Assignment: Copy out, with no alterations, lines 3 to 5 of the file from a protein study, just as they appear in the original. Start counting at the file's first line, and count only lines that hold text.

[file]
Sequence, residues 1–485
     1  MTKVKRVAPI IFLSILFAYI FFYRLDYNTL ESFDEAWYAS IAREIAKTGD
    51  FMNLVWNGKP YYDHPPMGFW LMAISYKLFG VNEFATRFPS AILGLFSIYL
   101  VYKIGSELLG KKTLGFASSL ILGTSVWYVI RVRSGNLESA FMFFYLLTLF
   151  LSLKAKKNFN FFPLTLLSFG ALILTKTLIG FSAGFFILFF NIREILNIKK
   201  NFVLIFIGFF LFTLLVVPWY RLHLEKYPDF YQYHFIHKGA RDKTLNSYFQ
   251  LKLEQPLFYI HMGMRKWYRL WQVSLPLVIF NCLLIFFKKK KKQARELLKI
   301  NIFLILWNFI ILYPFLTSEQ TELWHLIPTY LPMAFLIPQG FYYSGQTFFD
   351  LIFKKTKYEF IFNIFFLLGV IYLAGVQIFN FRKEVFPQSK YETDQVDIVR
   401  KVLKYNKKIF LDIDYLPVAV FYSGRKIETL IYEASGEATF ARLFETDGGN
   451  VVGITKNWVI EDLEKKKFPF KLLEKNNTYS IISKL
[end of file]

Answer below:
    51  FMNLVWNGKP YYDHPPMGFW LMAISYKLFG VNEFATRFPS AILGLFSIYL
   101  VYKIGSELLG KKTLGFASSL ILGTSVWYVI RVRSGNLESA FMFFYLLTLF
   151  LSLKAKKNFN FFPLTLLSFG ALILTKTLIG FSAGFFILFF NIREILNIKK